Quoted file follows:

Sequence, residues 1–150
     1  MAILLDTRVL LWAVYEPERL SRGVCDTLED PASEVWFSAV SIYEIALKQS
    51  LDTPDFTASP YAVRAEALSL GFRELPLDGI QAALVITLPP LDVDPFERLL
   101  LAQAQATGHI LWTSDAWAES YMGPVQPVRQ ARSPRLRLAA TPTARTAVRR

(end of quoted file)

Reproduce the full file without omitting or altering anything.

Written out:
Sequence, residues 1–150
     1  MAILLDTRVL LWAVYEPERL SRGVCDTLED PASEVWFSAV SIYEIALKQS
    51  LDTPDFTASP YAVRAEALSL GFRELPLDGI QAALVITLPP LDVDPFERLL
   101  LAQAQATGHI LWTSDAWAES YMGPVQPVRQ ARSPRLRLAA TPTARTAVRR